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MicroRNAs as biomarkers for nervous system disorders

Early detection of neurological conditions is challenging, but recent research suggests that to understand what is wrong in the brain, we should look in the blood.

The challenge for early diagnosis of most neurological and neurodegenerative conditions lies in the lack of available inexpensive and non-invasive methods of assessing specific molecular changes in the brain. MicroRNAs (miRNAs)—a class of small non-coding RNAs involved in gene regulation—may provide a step in the right direction.

Because miRNAs are highly expressed in the nervous system and are present and stable in extracellular fluid, they have great potential as biomarkers for diagnosis of disease states. Mounting evidence in recent literature suggests that miRNAs can indeed make ideal biomarkers for diagnosing diseases of the nervous system, as shown in a few examples below.

Alzheimer’s disease

Alzheimer's disease (AD) is the most common form of dementia, yet its diagnosis continues to pose a challenge because the only definitive way to diagnose AD is still by performing a histological examination after autopsy.

A recent study used genome-wide serum miRNA expression analysis by high-throughput screening in a patient cohort of over 200 AD patients to identify serum miRNA biomarkers for Alzheimer's disease (Tan et al., 2014). They detected six miRNAs that were significantly down-regulated in AD patients and distinguished them from healthy controls.

Among these, miR-342-3p displayed the highest sensitivity and specificity for disease duration and correlated well with the Mini-Mental State Examination score, which is used to clinically measure cognitive impairment. Whereas miR-342-3p has not been implicated in AD before, it is deregulated in many other human pathologies, including cancer and autoimmune diseases.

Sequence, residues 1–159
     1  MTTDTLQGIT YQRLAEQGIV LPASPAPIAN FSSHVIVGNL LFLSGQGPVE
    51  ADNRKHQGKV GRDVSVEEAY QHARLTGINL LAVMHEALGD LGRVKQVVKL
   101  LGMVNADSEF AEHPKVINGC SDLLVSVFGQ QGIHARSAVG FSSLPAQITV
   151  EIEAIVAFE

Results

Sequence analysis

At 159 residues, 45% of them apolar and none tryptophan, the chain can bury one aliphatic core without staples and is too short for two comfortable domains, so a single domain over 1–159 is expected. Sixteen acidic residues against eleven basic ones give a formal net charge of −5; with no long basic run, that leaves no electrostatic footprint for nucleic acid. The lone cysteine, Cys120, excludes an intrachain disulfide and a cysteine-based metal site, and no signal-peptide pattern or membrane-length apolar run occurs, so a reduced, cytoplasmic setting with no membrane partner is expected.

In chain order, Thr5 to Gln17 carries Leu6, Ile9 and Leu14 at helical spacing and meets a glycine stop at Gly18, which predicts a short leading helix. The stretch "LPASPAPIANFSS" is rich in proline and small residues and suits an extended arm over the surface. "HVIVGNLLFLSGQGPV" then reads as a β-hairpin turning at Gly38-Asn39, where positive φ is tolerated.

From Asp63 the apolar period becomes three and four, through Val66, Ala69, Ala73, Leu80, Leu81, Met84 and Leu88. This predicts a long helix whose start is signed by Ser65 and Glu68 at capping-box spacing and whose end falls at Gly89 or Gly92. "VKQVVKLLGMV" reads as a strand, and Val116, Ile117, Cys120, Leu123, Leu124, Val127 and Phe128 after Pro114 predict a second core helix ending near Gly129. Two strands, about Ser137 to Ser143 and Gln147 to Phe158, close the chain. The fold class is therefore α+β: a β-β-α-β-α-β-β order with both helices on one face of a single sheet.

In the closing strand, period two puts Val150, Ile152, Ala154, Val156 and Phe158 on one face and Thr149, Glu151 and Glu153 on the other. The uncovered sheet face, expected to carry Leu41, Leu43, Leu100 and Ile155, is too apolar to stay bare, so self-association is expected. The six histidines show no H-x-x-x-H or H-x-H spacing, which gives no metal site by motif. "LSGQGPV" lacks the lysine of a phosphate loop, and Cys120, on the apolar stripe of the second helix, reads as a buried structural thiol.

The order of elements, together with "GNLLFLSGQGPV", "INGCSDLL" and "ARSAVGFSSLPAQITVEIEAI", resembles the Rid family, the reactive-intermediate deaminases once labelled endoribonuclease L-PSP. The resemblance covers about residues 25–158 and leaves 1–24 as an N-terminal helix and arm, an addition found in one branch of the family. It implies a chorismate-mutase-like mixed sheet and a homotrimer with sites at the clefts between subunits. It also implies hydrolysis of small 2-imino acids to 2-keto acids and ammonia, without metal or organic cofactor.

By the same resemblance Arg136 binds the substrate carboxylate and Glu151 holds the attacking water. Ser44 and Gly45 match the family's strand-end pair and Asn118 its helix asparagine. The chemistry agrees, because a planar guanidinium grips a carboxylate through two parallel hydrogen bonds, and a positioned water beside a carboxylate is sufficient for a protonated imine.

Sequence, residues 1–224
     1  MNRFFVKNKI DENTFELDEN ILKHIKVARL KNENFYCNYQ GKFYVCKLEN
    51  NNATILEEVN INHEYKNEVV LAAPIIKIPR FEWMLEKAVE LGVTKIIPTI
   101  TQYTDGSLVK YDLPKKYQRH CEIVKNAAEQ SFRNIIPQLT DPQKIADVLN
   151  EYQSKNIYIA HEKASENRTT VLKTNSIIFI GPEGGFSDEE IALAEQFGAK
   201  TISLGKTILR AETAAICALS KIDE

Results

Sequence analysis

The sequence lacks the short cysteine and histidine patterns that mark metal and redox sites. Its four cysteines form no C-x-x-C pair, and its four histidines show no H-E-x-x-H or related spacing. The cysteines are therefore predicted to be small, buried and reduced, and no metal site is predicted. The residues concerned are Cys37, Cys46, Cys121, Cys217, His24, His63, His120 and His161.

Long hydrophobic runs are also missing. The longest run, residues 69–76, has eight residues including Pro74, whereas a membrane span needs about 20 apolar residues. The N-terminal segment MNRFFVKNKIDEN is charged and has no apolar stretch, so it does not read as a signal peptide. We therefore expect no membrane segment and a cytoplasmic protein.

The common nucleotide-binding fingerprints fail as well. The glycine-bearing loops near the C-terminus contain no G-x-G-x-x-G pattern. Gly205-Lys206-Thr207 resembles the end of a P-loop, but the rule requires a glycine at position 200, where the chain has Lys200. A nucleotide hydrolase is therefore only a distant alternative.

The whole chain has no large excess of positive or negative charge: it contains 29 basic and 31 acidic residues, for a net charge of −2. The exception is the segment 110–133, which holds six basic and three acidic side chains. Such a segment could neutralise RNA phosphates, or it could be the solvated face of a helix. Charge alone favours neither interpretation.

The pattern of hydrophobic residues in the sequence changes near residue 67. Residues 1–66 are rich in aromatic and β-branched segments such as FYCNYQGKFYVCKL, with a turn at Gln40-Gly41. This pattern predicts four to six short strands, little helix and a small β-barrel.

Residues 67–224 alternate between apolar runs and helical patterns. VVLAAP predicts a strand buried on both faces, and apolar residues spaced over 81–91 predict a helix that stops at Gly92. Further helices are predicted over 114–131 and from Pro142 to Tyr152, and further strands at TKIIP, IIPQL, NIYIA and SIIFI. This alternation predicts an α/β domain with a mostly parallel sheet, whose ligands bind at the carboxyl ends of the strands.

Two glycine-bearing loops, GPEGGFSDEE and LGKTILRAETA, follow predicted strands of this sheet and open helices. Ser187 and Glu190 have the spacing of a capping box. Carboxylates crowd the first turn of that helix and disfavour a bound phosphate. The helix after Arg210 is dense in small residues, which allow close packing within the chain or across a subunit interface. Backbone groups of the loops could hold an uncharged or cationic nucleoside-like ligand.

While further validation studies are needed in larger cohorts combined with other clinical parameters, miR-342-3p alone may prove useful as a non-invasive biomarker for AD diagnosis.


Autism spectrum disorders (ASD) encompass a group of neurodevelopmental disorders that affect various facets of behavior, including communication and social interactions. Estimates suggest that about 1 in 90 individuals has ASD.

A recent study examined the serum expression profiles of 125 neurologically relevant miRNAs in children with autism spectrum disorders who had never received drug treatment (Vasu et al., 2014). The authors detected a signature of thirteen differentially expressed miRNAs between ASD and control groups, with five miRNAs showing good potential as predictive biomarkers of ASD. 

The researchers performed miRNA profiling in postmortem brains and confirmed that two of the miRNAs, miR-181b-5p and miR-328, have expression changes consistent between both the brain and the blood. Although further studies are needed, these results suggest that serum miRNAs could be potential non-invasive biomarkers of ASD.


Circulating miRNAs have also been implicated as promising blood-based biomarkers for schizophrenia patients. In a sample of schizophrenic and control patients, miR-30e, miR-181b, miR-34a, miR-346 and miR-7 had significantly increased expression in patients with schizophrenia. These five miRNAs displayed significant specificity and selectivity as potentially useful biomarkers distinguishing schizophrenia patients (Sun et al., 2015).

Of these five miRNAs, miR-30e and miR-181b, and two other miRNAs, miR-132 and miR-432, significantly decreased in expression following pharmacological treatment. In terms of symptom improvement, the high-effect subgroup showed a significantly greater decrease in miR-132 and miR-432 plasma levels compared with the low-effect subgroup after a six-week treatment course.

Overall, the authors concluded that changes in the serum levels of miR-132, miR-181b, miR-30e and miR-432 were potentially indicative of symptom improvements, treatment responses and prognosis.

Circulating miRNAs as biomarkers of nervous system diseases

miRNAs play important roles in the transcriptional networks of the human brain, so it’s not surprising that changes in brain-specific miRNA expression would be indicative of many pathologies, depression and epilepsy among them. Liu et al. (2014) profiled plasma samples of patients with major depressive disorder (MDD) and identified miR-101-3p and miR-93-5p as top putative MDD biomarkers.

Similarly, Wang et al. (2015) measured the differences in expression of serum miRNAs between drug-resistant and drug-responsive patients with epilepsy to find that miR-301a-3p had the best sensitivity and specificity in distinguishing the drug-resistant group and was also negatively correlated with seizure severity (Wang et al., 2015).

Circulating miRNAs demonstrate stability in the serum and plasma and are able to cross the blood-brain barrier, thus holding great promise as non-invasive and quantitative biomarkers. To realize the full potential of miRNA biomarkers for nervous system diseases, tools are required for the routine analysis of miRNAs from a range of clinical samples.

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